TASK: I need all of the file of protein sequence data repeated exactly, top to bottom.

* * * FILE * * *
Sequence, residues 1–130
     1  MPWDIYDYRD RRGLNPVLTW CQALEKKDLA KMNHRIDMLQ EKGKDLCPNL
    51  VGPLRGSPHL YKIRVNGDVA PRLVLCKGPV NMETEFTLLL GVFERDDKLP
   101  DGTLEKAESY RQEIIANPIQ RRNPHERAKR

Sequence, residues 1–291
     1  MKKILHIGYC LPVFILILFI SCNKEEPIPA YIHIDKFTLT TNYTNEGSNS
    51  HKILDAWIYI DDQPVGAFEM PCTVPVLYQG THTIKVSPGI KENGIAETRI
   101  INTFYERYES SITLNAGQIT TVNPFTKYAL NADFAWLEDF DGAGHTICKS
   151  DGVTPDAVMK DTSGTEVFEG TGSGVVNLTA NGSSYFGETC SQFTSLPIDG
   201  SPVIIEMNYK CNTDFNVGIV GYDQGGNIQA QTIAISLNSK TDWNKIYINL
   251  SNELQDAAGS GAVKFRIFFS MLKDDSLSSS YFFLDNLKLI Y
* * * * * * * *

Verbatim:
Sequence, residues 1–130
     1  MPWDIYDYRD RRGLNPVLTW CQALEKKDLA KMNHRIDMLQ EKGKDLCPNL
    51  VGPLRGSPHL YKIRVNGDVA PRLVLCKGPV NMETEFTLLL GVFERDDKLP
   101  DGTLEKAESY RQEIIANPIQ RRNPHERAKR

Sequence, residues 1–291
     1  MKKILHIGYC LPVFILILFI SCNKEEPIPA YIHIDKFTLT TNYTNEGSNS
    51  HKILDAWIYI DDQPVGAFEM PCTVPVLYQG THTIKVSPGI KENGIAETRI
   101  INTFYERYES SITLNAGQIT TVNPFTKYAL NADFAWLEDF DGAGHTICKS
   151  DGVTPDAVMK DTSGTEVFEG TGSGVVNLTA NGSSYFGETC SQFTSLPIDG
   201  SPVIIEMNYK CNTDFNVGIV GYDQGGNIQA QTIAISLNSK TDWNKIYINL
   251  SNELQDAAGS GAVKFRIFFS MLKDDSLSSS YFFLDNLKLI Y